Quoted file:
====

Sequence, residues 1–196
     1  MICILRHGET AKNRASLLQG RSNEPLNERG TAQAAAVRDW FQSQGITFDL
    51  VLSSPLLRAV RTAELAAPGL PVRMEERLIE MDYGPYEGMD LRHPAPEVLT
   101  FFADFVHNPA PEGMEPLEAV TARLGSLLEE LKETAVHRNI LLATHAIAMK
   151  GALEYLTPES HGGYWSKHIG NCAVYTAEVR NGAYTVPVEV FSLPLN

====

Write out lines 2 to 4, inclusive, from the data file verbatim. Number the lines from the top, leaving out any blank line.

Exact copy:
     1  MICILRHGET AKNRASLLQG RSNEPLNERG TAQAAAVRDW FQSQGITFDL
    51  VLSSPLLRAV RTAELAAPGL PVRMEERLIE MDYGPYEGMD LRHPAPEVLT
   101  FFADFVHNPA PEGMEPLEAV TARLGSLLEE LKETAVHRNI LLATHAIAMK